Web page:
There’s overclocking, and then there’s overclocking. Sure, there’s a certain satisfaction in overclocking a brand new AMD Ryzen 9 5950X, but that seems like child’s play compared to what one overclocker was able to do with a 14-year-old Intel processor. According to TechSpot, HWBot.org user ivanqu0208 took an Intel Celeron D 347, a single-core, single-thread processor, which originally launched at the end of 2006, and cranked its 3.06 GHz base frequency to 8.36 GHz.
To put that into perspective, the highest anyone has overlocked Intel’s 10th-gen Core i9-10900K desktop processor, which has a base clock 3.70 GHz, a boost clock of up to 5.30 GHz, 10 cores and 20 threads, was 7.71 GHz according to both HWBot and the CPU-Z OC World Records. And that processor isn’t even a year old!
For any CPU to run that much faster than its advertised speeds, it needs to stay cold. Really cold. Enthusiast overclockers often pour liquid nitrogen over the CPU, or surround it with blocks of liquid nitrogen, to keep it cold while they perform their overclocking magic. Without that type of extreme cooling, speeds in excess of 8 GHz wouldn’t be possible. If a CPU goes over its maximum operation temperature, the motherboard generally turns off the PC as a failsafe to prevent any permanent damage to the processor, which makes it all the more impressive that someone was able to do this with a 14-year-old processor.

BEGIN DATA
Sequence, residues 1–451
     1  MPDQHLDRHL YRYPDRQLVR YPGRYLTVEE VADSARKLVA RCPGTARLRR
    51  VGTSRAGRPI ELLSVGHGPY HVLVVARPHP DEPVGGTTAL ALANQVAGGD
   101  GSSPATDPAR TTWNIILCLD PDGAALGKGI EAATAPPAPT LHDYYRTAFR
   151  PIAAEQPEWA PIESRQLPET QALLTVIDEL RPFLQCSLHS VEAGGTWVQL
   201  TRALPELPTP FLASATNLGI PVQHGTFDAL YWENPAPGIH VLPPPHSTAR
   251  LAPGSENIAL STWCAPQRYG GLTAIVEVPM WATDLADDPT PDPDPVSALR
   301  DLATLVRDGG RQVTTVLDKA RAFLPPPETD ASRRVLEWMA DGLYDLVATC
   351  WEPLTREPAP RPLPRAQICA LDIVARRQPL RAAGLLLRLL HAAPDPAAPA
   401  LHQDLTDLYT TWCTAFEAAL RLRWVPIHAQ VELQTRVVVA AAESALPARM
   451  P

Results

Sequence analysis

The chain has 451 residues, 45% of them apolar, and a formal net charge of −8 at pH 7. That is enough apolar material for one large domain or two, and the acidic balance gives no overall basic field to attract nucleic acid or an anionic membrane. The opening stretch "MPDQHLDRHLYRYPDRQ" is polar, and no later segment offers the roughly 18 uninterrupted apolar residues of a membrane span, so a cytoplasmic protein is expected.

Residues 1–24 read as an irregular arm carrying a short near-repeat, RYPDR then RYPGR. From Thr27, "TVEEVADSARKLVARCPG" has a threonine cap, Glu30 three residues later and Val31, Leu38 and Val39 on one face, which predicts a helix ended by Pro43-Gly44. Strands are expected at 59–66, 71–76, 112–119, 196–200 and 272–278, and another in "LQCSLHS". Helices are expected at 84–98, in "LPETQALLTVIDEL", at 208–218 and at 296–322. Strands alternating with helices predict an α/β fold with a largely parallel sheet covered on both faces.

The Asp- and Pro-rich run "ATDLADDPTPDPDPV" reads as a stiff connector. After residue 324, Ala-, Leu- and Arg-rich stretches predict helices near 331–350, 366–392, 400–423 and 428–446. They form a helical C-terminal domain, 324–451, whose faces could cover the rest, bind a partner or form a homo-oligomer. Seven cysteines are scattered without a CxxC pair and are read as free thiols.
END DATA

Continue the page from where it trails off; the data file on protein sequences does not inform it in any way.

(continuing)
That 8.36 GHz speed isn’t even the fastest ever recorded, either. As of 2014, the Guinness World Record for the highest CPU clock rate, 8.72 GHz, was achieved by AMD employees at its Austin, TX headquarters with an AMD Piledriver-based FX-8370 chip. That CPU was released the same year AMD set that record, so it’s quite a bit newer than the Celeron D 347, and it has a lot more cores and threads. But there’s some discrepancy on the record. According to CPU-Z OC World Records, which lets users submit scores that it then verifies, the fastest ever is still 8.8 GHz with AMD’s FX-8350 processor.
At the time of its release, Celeron D 347 processors became popular with overclockers because of how easy they were to overclock. Random impurities in the silicon can affect how fast someone is able to overclock their processor, but the Celeron D 347s seemed to be an especially good batch, clearly. People still like overclocking them! Thankfully for the rest of us who are perfectly content with getting just a little bit extra speed, we can still overclock without resorting to liquid nitrogen.